Hallelujah we are back on form! Rahman finally breaks his shackles once again to add some mesmerising loops in “Jiya Re” and together with Neeti Mohan’s youthful rendition, we get a breezy song that never tires on repeated listens. Chandresh Kudwa strums the guitar very stylishly here so kudos to him but add some foot tapping beats laced with modern instrumentation and the whole package works well to give you a pleasurable and uplifting experience. Gulzar’s writing is also fresh. Easily one of the best songs on the album, this will only get better after you see it on screen pictured on Anushka Sharma. A song with real substance then? Thank God for that!
Unfortunately, the title song “Jab Tak Hai Jaan” is another massive disappointment. It has an interesting start with a neat piano and cello playing alongside some catchy beats (Yuvvraaj again!) – these provide a grand entry for Javed Ali to add some nice vocals (later joined by Shakthisree Gopalan). A minute or so into the song and we are back into Yash Chopra territory with traditional instrumentation (dholak) but it’s all pretty lacklustre and very flat. And that’s how the rest of the song is structured. The lyrics hardly stand out either. Overall mediocre as a stand alone song but may be used well in the film, let’s see what Yash Ji has in store for us.
The “Ishq Dance” does nothing to sweeten any sour taste in your mouth. As far as Rahman instrumentals go it’s poor. What this is doing in a Yash Chopra romantic is beyond me.
Thankfully “Jab Tak Hai Jaan – The Poem” brings back some much needed class to the soundtrack! Firstly Rahman’s use of guitar strings is exquisite and appears inspired from the background score used for the brilliant biopic drama The Motorcycle Diaries (2004). The effect evokes the type of passion and nostalgia that we expect from a Yash Ji presentation. Secondly you have to say Shah Rukh Khan’s rendition is powerful to say the least and the poetry for once is superb with intoxicating metaphors courtesy of Aditya Chopra. This is arguably one of the highlights of the entire soundtrack.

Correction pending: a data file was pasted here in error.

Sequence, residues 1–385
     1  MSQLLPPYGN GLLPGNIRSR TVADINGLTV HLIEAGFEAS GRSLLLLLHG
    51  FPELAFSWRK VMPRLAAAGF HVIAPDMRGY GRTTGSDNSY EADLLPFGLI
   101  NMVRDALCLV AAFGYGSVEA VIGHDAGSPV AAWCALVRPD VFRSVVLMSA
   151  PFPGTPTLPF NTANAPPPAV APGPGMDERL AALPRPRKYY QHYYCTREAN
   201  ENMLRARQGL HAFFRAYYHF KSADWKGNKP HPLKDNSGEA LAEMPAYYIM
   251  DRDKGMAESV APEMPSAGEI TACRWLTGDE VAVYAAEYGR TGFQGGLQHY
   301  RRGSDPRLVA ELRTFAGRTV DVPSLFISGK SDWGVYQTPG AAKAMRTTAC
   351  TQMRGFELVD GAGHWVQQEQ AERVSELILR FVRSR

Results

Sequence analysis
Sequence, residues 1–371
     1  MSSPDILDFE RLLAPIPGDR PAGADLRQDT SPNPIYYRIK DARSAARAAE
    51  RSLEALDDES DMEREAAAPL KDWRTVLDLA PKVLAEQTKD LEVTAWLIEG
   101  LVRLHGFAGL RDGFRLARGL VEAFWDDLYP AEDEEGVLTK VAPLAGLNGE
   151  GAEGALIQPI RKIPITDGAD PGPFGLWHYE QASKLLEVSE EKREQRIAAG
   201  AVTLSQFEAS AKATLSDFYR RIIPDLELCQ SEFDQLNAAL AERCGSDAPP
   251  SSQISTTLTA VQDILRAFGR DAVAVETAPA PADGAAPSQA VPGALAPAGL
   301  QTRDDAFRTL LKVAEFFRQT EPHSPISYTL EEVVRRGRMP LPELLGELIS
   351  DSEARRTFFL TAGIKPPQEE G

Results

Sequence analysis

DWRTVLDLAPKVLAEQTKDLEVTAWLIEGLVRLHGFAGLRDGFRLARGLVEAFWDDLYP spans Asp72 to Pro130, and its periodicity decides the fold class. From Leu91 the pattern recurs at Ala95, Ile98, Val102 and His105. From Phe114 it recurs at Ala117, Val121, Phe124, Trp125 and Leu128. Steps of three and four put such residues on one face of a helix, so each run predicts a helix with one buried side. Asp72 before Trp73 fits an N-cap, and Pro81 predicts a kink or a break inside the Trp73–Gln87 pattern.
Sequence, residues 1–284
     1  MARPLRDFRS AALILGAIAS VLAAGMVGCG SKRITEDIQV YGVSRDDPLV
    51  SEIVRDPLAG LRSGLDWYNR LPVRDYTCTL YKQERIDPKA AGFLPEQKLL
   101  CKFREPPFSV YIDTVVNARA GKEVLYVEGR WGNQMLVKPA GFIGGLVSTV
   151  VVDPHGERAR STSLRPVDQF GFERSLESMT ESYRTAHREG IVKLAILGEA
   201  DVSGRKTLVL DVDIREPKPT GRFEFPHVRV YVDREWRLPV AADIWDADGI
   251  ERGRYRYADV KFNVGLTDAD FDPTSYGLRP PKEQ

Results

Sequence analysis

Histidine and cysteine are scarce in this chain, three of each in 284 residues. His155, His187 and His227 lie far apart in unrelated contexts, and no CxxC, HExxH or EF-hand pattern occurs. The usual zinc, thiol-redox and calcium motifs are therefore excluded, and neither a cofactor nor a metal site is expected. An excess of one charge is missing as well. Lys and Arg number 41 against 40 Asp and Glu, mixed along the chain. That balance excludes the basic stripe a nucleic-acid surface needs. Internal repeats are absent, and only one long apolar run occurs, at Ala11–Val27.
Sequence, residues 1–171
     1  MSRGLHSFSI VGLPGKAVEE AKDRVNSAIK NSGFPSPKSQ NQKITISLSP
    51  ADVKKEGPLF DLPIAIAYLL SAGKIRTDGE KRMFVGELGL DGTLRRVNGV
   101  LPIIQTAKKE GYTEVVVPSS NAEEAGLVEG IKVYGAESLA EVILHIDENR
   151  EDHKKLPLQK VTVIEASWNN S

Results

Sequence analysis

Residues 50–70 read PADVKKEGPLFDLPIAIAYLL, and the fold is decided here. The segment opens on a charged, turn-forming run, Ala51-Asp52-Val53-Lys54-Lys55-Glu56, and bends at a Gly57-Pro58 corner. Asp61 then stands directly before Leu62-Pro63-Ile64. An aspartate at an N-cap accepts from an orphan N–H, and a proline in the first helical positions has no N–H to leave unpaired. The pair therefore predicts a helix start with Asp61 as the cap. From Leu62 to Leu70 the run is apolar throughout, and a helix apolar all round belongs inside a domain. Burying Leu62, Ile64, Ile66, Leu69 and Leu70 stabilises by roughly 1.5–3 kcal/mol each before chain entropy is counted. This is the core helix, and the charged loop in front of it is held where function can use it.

What should have been a fitting finale for Yash Chopra turns out to be a pretty forgettable one as far as the music is concerned. JTHJ is a confused soundtrack because the collaboration between film director and music composer hasn’t worked as effectively as it should have done. Some of the songs have that classic Rahman touch (“Challa”, “Jiya Re”) whilst others have been imprinted with Yash Ji’s stamp (“Saans”, “JTHJ”, “Heer”) but most of the latter sound flat and none are memorable in any way, shape or form which suggests a distinct lack of effort or collaboration. It goes without saying that the songs will work well on screen but that’s the least that a legendary film maker like Yash Chopra can do. But as stand alone songs there is no magic from any composition that will be remembered in months to come let alone years. This was the sheer scale of the task.
Rahman is the same genius that worked so successfully with Imtiaz Ali to give us Rockstar last year. Ask yourself how good that was? The point is not making direct comparisons in the music but in the collaboration between composer and director. Likewise Yash Ji’s last venture Veer Zara remains a classic thanks to Madan Mohan’s digitally remastered songs so maybe he should have used the same approach? Surely there are more unreleased songs from the past era? Even the lyrics from JTHJ are not up to the usual standard that we expect from Gulzar saab. It almost feels like the pressure just got to all three masters.
Ultimately whilst the soundtrack is a decent listen, the collaboration between two legends has failed to create a lasting impression on the listener that is befitting of the legacy of Yashji films and whatever you may think, these expectations were well known by Rahman and Yash Chopra but especially the latter as it took him almost a decade to return to the big screen. We can safely conclude that Yashji's legacy ended 8 years ago with Madan Mohan's "Tere Liye" sung majestically by the great Lata Mangeshkar. Some would argue that was a fitting finale. Today it's proven to be so.